I noticed that the line at the "Great Public Schools for Every Child" booth was unusually short, so I grabbed a place and waited for my turn at one of the eight kiosks. Had I been a delegate, I would have swiped my I.D. card in the machine next to the computer, which would have told the NEA where I was from. The apron-wearing attendant used his card for me. So I was able to view the material, but not sign up to receive additional information. The interactive Web site asks users questions about the six components of the ...

It’s been fascinating to watch what a well-orchestrated, well-directed show these NEA leaders put on. They know how to set the mood. On Tuesday, after a morning session of “new business items,” the house lights were dimmed, spotlights started dancing across the arena, and the beat of the music started to pound. As if on cue, the audience began to wave preprinted signs, and President Reg Weaver’s voice took on that rhythm of a Southern preacher’s. The rally and march against California Gov. Arnold Schwarzenegger’s education spending plans had begun. “Promises made, promises not kept,” was ...

In the midst of all the patriotic celebrating, I sat down Monday with Kathleen Roberts, who has been coming to these NEA conventions for more than 50 years. Since she was dressed in a flag hat and flag scarf, I almost missed her amidst all the other similarly attired attendees. At 90, she’s still an elected delegate to the Representative Assembly from the Massachusetts Teachers Association, still volunteering to read to children in her town of Raynham, Mass., and still dressing up as Martha Washington to help students learn about important historical figures. Except for the years that her ...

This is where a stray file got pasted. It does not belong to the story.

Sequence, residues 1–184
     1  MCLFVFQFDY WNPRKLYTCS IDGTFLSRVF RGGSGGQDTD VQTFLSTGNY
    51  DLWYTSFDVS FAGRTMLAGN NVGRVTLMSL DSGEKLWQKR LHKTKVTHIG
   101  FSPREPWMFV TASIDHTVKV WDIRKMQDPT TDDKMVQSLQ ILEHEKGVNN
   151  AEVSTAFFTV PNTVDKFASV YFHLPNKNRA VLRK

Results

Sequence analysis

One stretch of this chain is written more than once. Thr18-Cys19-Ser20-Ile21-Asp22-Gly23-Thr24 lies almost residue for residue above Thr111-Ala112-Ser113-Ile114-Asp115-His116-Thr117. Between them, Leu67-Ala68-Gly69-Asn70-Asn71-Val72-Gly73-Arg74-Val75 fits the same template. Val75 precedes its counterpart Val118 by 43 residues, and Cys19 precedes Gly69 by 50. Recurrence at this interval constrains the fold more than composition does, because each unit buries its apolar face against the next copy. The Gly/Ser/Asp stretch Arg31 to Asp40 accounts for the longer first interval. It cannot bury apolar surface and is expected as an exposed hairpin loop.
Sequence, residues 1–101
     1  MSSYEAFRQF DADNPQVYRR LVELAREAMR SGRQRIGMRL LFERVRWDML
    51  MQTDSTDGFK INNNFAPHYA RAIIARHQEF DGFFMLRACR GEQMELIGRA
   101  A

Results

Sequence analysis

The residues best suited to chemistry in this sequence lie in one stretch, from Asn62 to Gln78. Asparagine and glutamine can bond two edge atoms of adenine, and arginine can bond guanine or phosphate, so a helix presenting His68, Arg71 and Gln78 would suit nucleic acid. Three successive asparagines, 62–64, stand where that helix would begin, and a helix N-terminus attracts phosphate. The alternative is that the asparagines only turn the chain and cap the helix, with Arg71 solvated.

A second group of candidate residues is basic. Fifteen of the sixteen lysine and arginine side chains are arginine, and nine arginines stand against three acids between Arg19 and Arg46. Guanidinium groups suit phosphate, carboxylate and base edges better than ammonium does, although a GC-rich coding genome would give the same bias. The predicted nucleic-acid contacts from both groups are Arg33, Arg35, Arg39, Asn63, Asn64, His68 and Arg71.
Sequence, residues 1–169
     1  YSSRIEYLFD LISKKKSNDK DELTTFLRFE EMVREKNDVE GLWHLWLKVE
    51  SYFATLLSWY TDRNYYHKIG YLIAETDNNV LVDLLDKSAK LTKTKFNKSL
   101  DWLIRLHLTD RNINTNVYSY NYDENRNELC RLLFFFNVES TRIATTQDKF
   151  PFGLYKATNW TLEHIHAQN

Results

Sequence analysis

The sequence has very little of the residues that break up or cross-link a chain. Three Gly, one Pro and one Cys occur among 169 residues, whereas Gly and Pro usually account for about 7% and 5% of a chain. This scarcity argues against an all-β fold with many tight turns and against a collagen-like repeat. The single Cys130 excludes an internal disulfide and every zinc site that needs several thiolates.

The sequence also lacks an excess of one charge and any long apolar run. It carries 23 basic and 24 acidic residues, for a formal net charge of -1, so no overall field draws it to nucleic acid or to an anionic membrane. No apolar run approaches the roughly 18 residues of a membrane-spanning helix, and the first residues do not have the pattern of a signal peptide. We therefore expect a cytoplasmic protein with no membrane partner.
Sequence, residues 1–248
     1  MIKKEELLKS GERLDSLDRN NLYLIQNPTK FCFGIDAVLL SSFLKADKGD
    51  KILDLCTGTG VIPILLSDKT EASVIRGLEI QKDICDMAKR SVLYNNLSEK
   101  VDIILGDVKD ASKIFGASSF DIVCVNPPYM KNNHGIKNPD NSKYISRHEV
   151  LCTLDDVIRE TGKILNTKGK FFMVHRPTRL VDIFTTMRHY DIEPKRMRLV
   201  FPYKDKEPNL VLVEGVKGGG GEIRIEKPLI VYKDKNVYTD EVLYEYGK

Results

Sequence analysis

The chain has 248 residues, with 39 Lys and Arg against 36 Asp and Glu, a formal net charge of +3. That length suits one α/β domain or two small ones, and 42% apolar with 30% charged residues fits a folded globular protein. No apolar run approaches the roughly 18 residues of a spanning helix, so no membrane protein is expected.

Having covered the Democratic National Convention next door at the Staples Center back in 2000, I noticed just a couple of glaring differences between that gathering and my first exposure to the National Education Association’s Representative Assembly here at the Los Angeles Convention Center. There’s far less security at the NEA. There aren’t any metal detectors, and I was only asked once to show my badge. And Peter Jennings isn’t here. The similarities, on the other hand, are abundant—beach balls getting batted around among the delegates, goofy hats, and loud music to liven up the ...


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